In 2011 an ABA member’s coach suffered an accident in Nebraska on its way to Denver, CO. A passenger concocted a story that the driver had been texting while driving. Working with the operator and law enforcement, ABA ascertained that the driver wasn’t texting. Once the national and regional media were able to report the truth and invalidate the rumor, the company was able to preserve its otherwise outstanding reputation. Ronan says that even when a company involved in a serious accident is 100-percent fault-free, the event nonetheless becomes part of their permanent record. ABA believes that in most cases it is far better that a company prepares in advance to engage the media on its own terms. “When my company got that call at 3 a.m., the ABA was among the first group of calls I made,” says Ron Moore, president of Burlington Trailways, West Burlington, IA. “The association dealt with the media exclusively and did it very well — factually and quickly. Anyone would be crazy not to be an ABA member just for this service.” William Torres, president of D.C. Trails, Washington, D.C., says ABA quickly took over all aspects of media relations during a past accident. “With assistance in this area, we were free to help the passengers and work with the authorities,” he says. “This service through ABA is priceless.”

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Comtrans offers a new view of Russia By Doug Jack


hile many of you were probably at BusCon in Chicago, I went in a completely different direction to Comtrans in Moscow. Even in the United Kingdom, some people give you a funny look when you tell them you are going to Russia, as if they are questioning your wisdom. I was travelling with hand luggage, but arrived at a very modern terminal and went from my seat in the aircraft to meeting my driver in 15 minutes. That included a friendly welcome to Russia from the immigration officer. Many of the younger people speak good English, and most people are friendly and courteous. It is always well worth a visit. Modernizing Russian fleets Every time I return to Russia, the traffic seems to be even more congested. There is a growing and well-educated middle class, and that has created demand for high-quality cars and multipurpose vehicles.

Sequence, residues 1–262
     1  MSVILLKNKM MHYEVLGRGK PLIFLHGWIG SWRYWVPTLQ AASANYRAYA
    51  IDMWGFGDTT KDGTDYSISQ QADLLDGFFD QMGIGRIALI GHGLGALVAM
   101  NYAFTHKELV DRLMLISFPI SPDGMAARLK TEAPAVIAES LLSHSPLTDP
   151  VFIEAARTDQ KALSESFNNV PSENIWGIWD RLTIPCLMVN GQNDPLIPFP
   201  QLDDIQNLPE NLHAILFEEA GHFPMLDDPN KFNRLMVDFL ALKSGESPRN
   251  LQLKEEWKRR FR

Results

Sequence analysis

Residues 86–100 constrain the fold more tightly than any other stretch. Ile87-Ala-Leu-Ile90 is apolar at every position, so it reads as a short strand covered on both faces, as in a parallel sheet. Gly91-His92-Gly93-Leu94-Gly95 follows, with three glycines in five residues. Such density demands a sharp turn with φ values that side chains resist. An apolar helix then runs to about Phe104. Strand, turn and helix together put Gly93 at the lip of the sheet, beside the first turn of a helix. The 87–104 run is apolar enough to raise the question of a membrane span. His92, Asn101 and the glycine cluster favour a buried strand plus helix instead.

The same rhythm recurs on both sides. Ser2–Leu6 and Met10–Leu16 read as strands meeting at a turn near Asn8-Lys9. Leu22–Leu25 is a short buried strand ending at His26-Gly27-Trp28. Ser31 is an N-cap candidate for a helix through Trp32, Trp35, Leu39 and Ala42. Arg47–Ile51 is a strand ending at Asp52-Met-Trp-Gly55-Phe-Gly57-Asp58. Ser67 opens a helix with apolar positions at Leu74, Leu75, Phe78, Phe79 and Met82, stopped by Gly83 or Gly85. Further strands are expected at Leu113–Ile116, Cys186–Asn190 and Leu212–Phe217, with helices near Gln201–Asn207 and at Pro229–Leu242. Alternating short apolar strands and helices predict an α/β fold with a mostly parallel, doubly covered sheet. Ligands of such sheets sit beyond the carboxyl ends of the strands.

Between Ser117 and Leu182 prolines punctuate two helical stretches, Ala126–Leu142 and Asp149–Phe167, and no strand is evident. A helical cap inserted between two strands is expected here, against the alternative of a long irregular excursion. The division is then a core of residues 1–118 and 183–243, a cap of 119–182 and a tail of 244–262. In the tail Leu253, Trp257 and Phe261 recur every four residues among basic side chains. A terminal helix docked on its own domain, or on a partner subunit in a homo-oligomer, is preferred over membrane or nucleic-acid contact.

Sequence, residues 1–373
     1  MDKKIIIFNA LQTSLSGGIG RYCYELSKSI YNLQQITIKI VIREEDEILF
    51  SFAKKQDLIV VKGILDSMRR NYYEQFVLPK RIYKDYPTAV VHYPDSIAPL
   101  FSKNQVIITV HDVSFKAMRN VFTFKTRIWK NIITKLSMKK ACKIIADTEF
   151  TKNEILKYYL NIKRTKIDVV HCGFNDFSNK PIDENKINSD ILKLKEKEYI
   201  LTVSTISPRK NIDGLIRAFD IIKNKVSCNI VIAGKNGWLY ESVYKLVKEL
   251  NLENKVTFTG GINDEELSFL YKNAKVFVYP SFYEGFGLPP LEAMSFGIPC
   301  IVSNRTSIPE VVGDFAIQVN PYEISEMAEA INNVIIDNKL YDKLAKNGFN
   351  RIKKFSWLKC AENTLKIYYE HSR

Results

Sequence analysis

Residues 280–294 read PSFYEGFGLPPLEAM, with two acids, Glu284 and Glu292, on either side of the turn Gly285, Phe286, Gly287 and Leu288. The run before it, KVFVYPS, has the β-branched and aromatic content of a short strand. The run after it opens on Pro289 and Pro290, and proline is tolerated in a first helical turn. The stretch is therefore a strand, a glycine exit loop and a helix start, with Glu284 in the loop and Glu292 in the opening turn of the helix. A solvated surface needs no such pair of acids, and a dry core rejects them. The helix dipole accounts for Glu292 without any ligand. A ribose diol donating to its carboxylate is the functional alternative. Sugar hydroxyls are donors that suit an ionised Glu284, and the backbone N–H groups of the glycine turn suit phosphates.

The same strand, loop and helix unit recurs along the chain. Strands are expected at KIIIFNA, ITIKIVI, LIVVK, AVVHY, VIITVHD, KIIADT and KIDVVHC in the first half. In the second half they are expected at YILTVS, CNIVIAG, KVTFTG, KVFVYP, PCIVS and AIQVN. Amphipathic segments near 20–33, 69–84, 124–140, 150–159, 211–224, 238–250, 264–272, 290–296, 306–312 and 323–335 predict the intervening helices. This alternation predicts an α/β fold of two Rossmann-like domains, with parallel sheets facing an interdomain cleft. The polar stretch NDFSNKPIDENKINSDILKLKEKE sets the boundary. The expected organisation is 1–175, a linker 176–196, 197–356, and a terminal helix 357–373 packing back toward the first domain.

The city authorities are responding by investing heavily in public transport, expanding the excellent Metro system and modernizing the fleet with new low-floor diesel buses and trolleybuses. Mosgortrans is currently taking delivery of 2,000 buses from LiAZ, the Likino Bus factory located near Moscow. Public sector companies in Russia are obliged to buy vehicles built in the country, although there are complaints that they are not as durable as Western products. Corrosion is still a major problem, with many vehicles requiring major rebuilding every few years. Mosgortrans specifies MAN engines to the latest European emission standards, even though Russia only requires Euro 4 emission limits. Moscow is relatively flat, therefore the MAN engines are compact 6.7 liter units mounted vertically and offset in line behind the rear axle, opposite a third double-width door. ZF of Germany supplies the fully automatic gearboxes and axles.

An interurban coach from NefAZ, a subsidiary of KamAZ.


BUSRIDE | N O V E M B E R . 2013

THE INTERNATIONAL REPORT The authorities are now talking about putting the operation of bus routes out to competitive tender. They are looking at an arrangement similar to London where the transport authority establishes the route network, frequencies, fares and types of vehicles. The authority plans to collect all the revenue and pay contractors an agreed rate per mile on a fixed term contract. Moscow is talking about permitting contractors to buy buses from Western European manufacturers in order to raise standards and improve service quality. Actually, that is a little misleading. The front-runners are probably Iveco, MAN and MercedesBenz with factories in the Czech Republic, Poland and Turkey respectively. The drivetrains are completely Western European, but construction to Western quality standards takes place in countries with much lower labor rates. If that goes to plan, there will be a great political battle. The largest domestic bus builder is the powerful GAZ Group that has four factories building buses and coaches of various sizes and types, including LiAZ buses. GAZ itself makes minibuses, including the popular Gazelle. Known as mashkrutas. many of these run on fixed routes in the cities (like shared taxis). At the beginning of this year, Scania and Sweden won an order to supply 709 chassis of different types bodied by GolAZ, the Golitsyno factory of the GAZ Group. Most of these vehicles are 49 feet long on three axles with a floor height around 33 inches above the ground. A passenger in a wheelchair can be taken on or off the vehicle by a lift that is normally stored behind the stairwell at the second double-width doorway. This is quite a major advance in Russia, which is not the most accessible country for people with disabilities. Russia is hosting the Winter Olympic Games next February in Sochi on the Black Sea, and is investing billions of dollars on the venues and infrastructure.